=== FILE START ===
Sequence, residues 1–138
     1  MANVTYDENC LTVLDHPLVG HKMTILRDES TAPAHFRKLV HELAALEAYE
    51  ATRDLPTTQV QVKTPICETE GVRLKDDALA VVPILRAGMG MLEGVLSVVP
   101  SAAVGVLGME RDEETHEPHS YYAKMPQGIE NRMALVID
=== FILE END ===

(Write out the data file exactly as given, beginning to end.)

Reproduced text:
Sequence, residues 1–138
     1  MANVTYDENC LTVLDHPLVG HKMTILRDES TAPAHFRKLV HELAALEAYE
    51  ATRDLPTTQV QVKTPICETE GVRLKDDALA VVPILRAGMG MLEGVLSVVP
   101  SAAVGVLGME RDEETHEPHS YYAKMPQGIE NRMALVID